At the end of a contentious exchange on ABC's Good Morning America, Donald Trump told anchor George Stephanopoulos that his tax rate "is none of your business."
In questioning the co-host's objectivity, Trump also threw shade on Stephanopoulos' prior political ties to Bill and Hillary Clinton. See clip embedded below.
During a phone interview, Trump and the GMA anchor were sparring yesterday morning over when the presumptive GOP nominee will release his income tax returns to the public, an issue that seems to be of great concern to the media echo chamber but apparently far less so to the actual public.
Trump has repeatedly vowed that he'll release the documentation once the IRS completes an audit of his tax submission and denied an Associated Press report that the disclosure will occur after the November general election. He has also insisted that his financial statements submitted when he launched his presidential campaign last June are more informative about his wealth than what is contained in his tax returns.When Stephanopoulos asked Trump to reveal his tax rate (the implication being that the billionaire's filing status may be inconsistent with his fortune), the New York real estate mogul fired back with a blunt response.
"It's none of your business. You'll see it when I release, but I fight very hard to pay as little tax as possible."Back in August 2015, when the presidential campaign was in its early stages, Trump revealed that he is no fan of paying the tax man and tries to minimize the tax bite because he wants to put as much money back into his company and also because of rampant government waste. He reaffirmed that opinion on GMA.
"I try very hard to pay as little tax as possible and have said that for the last two years. I fight very hard because this country wastes our money. They take our tax money and throw it down the drain. They spend $4 trillion in the Middle East and we can't fix a road or a bridge. And I fight very hard. I consider it an expense because, frankly, our country doesn't know what they're doing with our money or tax money and that's part of the problem. So I fight very hard to pay as little tax as possible."When Stephanopoulos suggested that Trump has left a trail of broken promises about disclosing his tax returns (i.e., after Obama released his birth certificate or when Hillary Clinton released "all" of her emails), Trump didn't mince words.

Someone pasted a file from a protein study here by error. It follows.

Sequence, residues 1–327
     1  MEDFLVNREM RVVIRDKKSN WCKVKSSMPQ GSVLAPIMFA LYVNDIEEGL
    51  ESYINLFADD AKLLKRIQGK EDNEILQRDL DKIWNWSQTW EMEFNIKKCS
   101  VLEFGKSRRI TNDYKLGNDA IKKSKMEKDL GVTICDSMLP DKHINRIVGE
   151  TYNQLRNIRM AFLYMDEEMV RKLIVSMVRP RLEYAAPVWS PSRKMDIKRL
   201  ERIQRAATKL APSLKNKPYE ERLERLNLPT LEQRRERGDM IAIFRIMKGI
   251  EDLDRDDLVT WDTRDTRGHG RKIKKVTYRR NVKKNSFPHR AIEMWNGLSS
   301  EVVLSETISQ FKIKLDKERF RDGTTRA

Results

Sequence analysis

"There's plenty [of emails] missing. I read yesterday that there were a lot of emails missing. I know you're a good friends of hers, and I know you worked for them, but you didn't reveal it. But you know she did not turn over her emails. There are a lot of emails missing. There are emails missing all over the place. The whole thing is a scam. There are emails missing all over the place."GMA viewers may not be aware that before going into television, Stephanopoulos was a Bill Clinton presidential campaign operative and later the White House communications director for the Clinton administration. The long-time Clinton staff is now ABC's chief news anchor as well as GMA co-host and moderator of This Week, an ABC political roundtable which airs on Sunday mornings.Trump was specifically alluding to the fact that about a year ago this month, George Stephanopoulos admitted that he failed to disclose to ABC-TV viewers his $75,000 donation to the Bill, Hillary, and Chelsea Clinton Foundation.
Mitt Romney, the 2012 GOP nominee who is feuding with Trump, claimed on Facebook that "It is disqualifying for a modern-day presidential nominee to refuse to release tax returns to the voters..." and that their might be a "bombshell" in the records.
Many observers find Romney's criticism of a fellow Republican odd in that Romney himself was on the receiving end of wholly unsubstantiated allegations about taxes from former U.S. Senate Majority Leader Harry Reid (D-Nevada) during the 2012 campaign. "Romney's 'bombshell' remark mirrored Reid's repeated claims four years ago that an anonymous source told him that Romney hadn't paid taxes for 10 years," Politico explained.
Added American Conservative Union chairman Matt Schlapp, ""I don't know what's wrong with Mitt Romney. It's so strange. He as a candidate didn't even release his taxes until Harry Reid took to the [Senate] floor and claimed that maybe he didn't pay any income taxes at all, and now all of a sudden Mitt Romney is chastising Donald Trump for not releasing his taxes."
Whether you are a fan of the candidate or not, do you think that the release of Donald Trump's tax returns is a big issue for the ordinary voter?
[Photo by Mary Altaffer/AP]